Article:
Book, objects convey fascinating history of Antarctica

On Jan. 7, 1978, Silvia Morella de Palma gave birth to her son Emilio. The event is noteworthy because it took place at Argentina’s Esperanza station in Antarctica. It was a gesture to remind the world that Argentina still considers the area hers. In response, Chile sent three pregnant women to bases they ran.

This is just one of the fascinating things you will learn about our largest continent in these pages. The authors had planned a physical exhibition on Antarctica, but COVID changed that to this book. Many of the 100 items highlighted are scientific instruments or tales of early explorers like Ernest Shackleton. It’s the others that intrigued me most.

“Aurora Australis” (No. 18) is a bound book/magazine that was created on printing presses aboard Shackleton’s Nimrod. An early crew member brought his banjo (No. 32) to entertain fellow explorers during the long winters. In 1946, women first travelled to the frigid land as part of a geographical expedition with their husbands. Jennie Darlington may be the first woman to become pregnant there, “which she revealed to the other expedition members by eating an entire jar of pickles in one sitting.” (No. 41)

People are also reading…

Tourism began in 1969 with Lars-Eric Lindblad’s Explorer (No. 58). Three decades later, she became the first passenger vessel to run into an iceberg and sink in Antarctica. No lives were lost. Pee Flags (No. 87) marked international territory as well as sites to collect human pee to concentrate pollution.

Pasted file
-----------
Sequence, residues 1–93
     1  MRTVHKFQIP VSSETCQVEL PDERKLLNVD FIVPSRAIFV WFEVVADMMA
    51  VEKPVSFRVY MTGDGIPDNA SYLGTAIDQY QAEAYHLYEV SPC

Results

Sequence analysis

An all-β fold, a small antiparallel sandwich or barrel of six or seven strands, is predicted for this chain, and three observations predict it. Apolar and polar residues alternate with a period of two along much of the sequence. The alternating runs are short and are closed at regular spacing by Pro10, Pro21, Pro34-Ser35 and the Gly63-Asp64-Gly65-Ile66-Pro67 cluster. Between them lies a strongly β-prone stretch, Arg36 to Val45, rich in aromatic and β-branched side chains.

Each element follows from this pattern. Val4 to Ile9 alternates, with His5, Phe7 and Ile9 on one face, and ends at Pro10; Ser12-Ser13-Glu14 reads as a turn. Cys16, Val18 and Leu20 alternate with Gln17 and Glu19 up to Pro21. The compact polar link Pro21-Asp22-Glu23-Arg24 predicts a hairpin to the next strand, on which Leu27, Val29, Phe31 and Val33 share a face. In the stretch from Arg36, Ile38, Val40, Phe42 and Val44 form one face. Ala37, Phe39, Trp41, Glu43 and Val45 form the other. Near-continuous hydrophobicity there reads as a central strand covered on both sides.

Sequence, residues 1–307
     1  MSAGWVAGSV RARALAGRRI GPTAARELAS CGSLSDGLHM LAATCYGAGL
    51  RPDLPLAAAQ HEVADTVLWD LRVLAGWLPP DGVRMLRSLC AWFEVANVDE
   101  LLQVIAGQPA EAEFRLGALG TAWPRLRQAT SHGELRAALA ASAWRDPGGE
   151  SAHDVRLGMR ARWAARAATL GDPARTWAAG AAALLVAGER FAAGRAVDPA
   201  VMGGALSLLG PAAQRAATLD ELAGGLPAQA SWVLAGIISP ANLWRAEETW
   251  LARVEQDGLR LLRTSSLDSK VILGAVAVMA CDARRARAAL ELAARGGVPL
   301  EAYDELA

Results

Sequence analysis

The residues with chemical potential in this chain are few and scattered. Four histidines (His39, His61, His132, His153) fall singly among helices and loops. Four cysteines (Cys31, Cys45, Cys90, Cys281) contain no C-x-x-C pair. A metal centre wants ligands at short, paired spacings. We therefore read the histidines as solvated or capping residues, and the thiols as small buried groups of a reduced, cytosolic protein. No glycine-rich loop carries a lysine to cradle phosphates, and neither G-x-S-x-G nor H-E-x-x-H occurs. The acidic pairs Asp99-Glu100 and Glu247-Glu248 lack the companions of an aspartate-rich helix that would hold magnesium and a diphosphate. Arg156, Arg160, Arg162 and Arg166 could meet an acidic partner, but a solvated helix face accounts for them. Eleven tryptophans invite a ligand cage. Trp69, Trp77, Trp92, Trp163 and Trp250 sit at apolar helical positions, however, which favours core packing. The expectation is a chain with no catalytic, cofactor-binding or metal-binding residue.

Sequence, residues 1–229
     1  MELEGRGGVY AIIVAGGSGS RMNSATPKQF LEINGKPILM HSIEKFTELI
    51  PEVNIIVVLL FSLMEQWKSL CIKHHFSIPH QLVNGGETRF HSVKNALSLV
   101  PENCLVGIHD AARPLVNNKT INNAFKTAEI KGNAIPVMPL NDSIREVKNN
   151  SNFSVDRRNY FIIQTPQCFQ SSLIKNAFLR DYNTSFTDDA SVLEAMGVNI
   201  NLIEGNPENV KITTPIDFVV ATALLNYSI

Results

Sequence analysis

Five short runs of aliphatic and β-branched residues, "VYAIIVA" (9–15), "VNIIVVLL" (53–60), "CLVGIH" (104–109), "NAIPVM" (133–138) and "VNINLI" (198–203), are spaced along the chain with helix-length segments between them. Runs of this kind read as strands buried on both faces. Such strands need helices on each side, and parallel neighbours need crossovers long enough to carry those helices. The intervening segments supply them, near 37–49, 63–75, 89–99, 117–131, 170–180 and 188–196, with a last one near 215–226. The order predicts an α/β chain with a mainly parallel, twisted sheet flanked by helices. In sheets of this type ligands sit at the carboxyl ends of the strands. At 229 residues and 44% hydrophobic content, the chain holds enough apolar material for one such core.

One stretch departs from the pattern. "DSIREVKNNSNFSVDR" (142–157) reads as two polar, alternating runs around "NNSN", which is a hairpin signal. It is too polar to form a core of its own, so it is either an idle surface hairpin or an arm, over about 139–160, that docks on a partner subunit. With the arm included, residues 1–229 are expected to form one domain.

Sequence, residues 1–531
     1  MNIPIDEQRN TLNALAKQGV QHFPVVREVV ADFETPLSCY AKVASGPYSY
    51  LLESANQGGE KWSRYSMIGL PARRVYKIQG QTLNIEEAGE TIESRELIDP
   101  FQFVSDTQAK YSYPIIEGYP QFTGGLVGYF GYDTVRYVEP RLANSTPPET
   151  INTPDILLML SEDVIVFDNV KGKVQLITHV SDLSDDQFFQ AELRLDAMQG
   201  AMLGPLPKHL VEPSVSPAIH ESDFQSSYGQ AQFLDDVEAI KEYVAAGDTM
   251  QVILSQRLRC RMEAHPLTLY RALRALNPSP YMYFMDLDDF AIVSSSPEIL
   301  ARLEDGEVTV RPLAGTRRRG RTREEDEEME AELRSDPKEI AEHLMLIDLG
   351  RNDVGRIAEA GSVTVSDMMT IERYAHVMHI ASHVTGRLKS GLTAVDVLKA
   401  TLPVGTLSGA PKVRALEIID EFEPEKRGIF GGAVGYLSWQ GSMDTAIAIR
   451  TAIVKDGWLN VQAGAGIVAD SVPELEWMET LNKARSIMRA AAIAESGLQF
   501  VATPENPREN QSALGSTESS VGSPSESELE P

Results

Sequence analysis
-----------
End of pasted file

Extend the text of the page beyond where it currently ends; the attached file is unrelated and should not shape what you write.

Much is written about the dogs, the sleds and skis and the clothing designed for warmth. Dogs were not pets and when they became a burden, they became food. At least three pets did make the long voyages, including a canary, a fox terrier and the cat Mrs. Chippy who was on the Endurance. Suffice it to say she did not come to a good end.

The most amazing item, of course, is No. 97, the discovery 107 years later of the wreck of Shackleton’s Endurance. In deep cold water, it is in pristine condition. And the oddest is No. 46: a bust of Lenin at one of the poles (I learned there are several types). It was erected, facing Moscow, during the cold war, giving that term an entirely new meaning.

Great photos and fascinating text make this a wonderful book for those who’ve been there and for those who still have Antarctica on their bucket list.

Penny A Parrish is a freelance writer in Stafford County.

Add a Comment

Your email address will not be published. Required fields are marked *